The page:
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What exercises should seniors avoid?

 In News

When it comes to senior exercise, work smarter, not harder

Exercise can deliver many key benefits for seniors, from healthier hearts and stronger bones, to improved balance and flexibility. Staying in shape throughout your advanced years can also reduce your risk for chronic diseases, help you bounce back quicker from injury and improve your overall mood.

So, when it comes down to the types of exercise seniors should do, is just about anything fair game provided you’re careful enough? Not quite.

In fact, senior care experts agree that there are six exercises seniors should definitely avoid. But before we cover those off, be sure to also check out our blog post on the best types of exercises for seniors!

Six exercises for seniors to avoid

Keep in mind that senior bodies tend to be more fragile than their younger counterparts. And with that increased fragility comes the need to take greater precautions when exercising. Injuries caused by strenuous exercise can also take longer to heal or even cause long-term complications in the event of a fracture, serious muscle tear or broken bone.

Below are six exercises that you should avoid:

  • Crunches/sit-ups

Crunches were never particularly easy even when you were in peak physical condition. And they can cause issues like pinched nerves and muscle pain as you age and your spine becomes less mobile. But don’t worry about losing your six-pack just yet! Switch up your ab routine to incorporate simple planks or leg lifts instead.

  • Squats

Squats can present several potential issues. If your knees go over your toes during a squat, it can put far too much pressure on your knee joints and potentially damage them. Squats can be especially dangerous for seniors with balance issues, as it’s easy to lose your footing and fall when trying to rise from a squat.

  • Stair climbing

Running up and down flights of stairs (or stepping on a stair master machine at the gym) is rough on the knees. Plus, your ability to balance begins to decline, making you more likely to trip and take a nasty spill.

  • Long runs

Unfortunately, your golden years aren’t the greatest time to chase those long-held marathon-running dreams. In fact, long distance running shouldn’t be part of your cardio repertoire if you’re over 50. Every step puts strain on your knee and foot joints, leading to injuries that can impact mobility. Swimming in place of running can give you the same cardiovascular benefits – without the heavy toll on your muscles and joints.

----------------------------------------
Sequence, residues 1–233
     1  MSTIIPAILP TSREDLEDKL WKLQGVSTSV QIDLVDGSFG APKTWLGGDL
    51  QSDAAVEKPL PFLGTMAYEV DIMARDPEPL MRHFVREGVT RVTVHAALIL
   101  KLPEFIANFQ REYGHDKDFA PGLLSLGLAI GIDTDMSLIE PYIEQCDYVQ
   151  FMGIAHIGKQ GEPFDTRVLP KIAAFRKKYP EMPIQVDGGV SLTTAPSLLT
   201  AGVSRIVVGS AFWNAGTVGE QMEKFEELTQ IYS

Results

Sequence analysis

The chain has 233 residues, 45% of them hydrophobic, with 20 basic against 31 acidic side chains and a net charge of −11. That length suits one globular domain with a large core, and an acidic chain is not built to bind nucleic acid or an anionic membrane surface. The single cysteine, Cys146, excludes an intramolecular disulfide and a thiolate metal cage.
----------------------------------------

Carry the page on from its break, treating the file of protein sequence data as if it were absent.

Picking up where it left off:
• Leg presses

You won’t have to look long and hard to find a leg press machine at your local gym. But here’s why seniors should steer clear: Performing a leg press requires you to lie back on a flat bench and push against a weight with both legs. This flattens your spine’s natural curve, which can damage lumbar spinal discs. Instead, opt for lower-impact lunges with light dumbbells.

  • Deadlifts

Deadlifting demands good form and posture to avoid injury. Problem is, many seniors have back and posture issues (causes by a narrowing and stiffening of the spine) that can make it difficult to lift weights correctly. Deadlifting with bad form can heavily damage your back, shoulder and arm muscles.

Like we said earlier, proper exercise can do wonders for your health and ability to maintain independence long into your senior years. However, the key is to avoid overly strenuous and dangerous exercises whenever possible.

Even still, accidents and falls can happen. On-the-go monitoring and fall detection tools can help ensure that help is only a button press away. See what solutions are right for your needs and get yourself a little extra peace-of-mind when you’re out exercising.

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